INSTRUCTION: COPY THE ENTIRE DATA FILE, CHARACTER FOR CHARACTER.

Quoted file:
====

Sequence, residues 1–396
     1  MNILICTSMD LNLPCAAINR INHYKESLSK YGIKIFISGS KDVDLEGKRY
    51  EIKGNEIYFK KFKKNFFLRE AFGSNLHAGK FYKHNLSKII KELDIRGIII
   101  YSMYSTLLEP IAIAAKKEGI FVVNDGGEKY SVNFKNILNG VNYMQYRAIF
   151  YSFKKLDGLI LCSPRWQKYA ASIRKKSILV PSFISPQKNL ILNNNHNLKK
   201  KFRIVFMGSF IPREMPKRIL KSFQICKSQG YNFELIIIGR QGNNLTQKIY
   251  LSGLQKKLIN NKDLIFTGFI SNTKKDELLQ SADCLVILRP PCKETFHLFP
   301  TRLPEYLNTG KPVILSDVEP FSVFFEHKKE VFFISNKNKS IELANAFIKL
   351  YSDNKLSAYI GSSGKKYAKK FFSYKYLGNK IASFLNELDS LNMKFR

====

Sequence, residues 1–396
     1  MNILICTSMD LNLPCAAINR INHYKESLSK YGIKIFISGS KDVDLEGKRY
    51  EIKGNEIYFK KFKKNFFLRE AFGSNLHAGK FYKHNLSKII KELDIRGIII
   101  YSMYSTLLEP IAIAAKKEGI FVVNDGGEKY SVNFKNILNG VNYMQYRAIF
   151  YSFKKLDGLI LCSPRWQKYA ASIRKKSILV PSFISPQKNL ILNNNHNLKK
   201  KFRIVFMGSF IPREMPKRIL KSFQICKSQG YNFELIIIGR QGNNLTQKIY
   251  LSGLQKKLIN NKDLIFTGFI SNTKKDELLQ SADCLVILRP PCKETFHLFP
   301  TRLPEYLNTG KPVILSDVEP FSVFFEHKKE VFFISNKNKS IELANAFIKL
   351  YSDNKLSAYI GSSGKKYAKK FFSYKYLGNK IASFLNELDS LNMKFR